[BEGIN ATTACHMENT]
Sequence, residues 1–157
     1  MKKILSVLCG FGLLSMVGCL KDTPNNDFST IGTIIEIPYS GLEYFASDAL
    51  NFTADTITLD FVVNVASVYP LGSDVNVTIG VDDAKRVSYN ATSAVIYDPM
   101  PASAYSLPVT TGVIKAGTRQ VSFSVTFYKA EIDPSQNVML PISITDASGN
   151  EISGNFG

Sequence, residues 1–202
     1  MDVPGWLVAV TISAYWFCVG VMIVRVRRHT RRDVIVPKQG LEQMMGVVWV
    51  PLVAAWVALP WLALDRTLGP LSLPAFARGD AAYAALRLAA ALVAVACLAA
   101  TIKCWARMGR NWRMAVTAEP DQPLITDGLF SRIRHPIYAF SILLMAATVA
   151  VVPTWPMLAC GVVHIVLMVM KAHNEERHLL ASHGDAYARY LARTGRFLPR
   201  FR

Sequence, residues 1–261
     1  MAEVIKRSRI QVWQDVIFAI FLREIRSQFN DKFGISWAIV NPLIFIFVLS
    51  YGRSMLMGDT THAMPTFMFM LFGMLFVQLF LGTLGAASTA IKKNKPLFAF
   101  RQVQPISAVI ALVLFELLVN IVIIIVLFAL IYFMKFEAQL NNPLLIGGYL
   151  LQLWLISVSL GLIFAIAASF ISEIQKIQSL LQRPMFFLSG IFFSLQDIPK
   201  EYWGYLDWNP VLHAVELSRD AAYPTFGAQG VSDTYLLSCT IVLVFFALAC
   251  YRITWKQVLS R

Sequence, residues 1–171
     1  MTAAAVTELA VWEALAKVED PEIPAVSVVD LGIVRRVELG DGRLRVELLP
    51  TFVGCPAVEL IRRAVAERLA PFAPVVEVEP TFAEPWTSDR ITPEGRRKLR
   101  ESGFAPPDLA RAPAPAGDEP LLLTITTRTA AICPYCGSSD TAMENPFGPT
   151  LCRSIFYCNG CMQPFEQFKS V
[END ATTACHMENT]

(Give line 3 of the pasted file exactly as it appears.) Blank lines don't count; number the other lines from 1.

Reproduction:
    51  NFTADTITLD FVVNVASVYP LGSDVNVTIG VDDAKRVSYN ATSAVIYDPM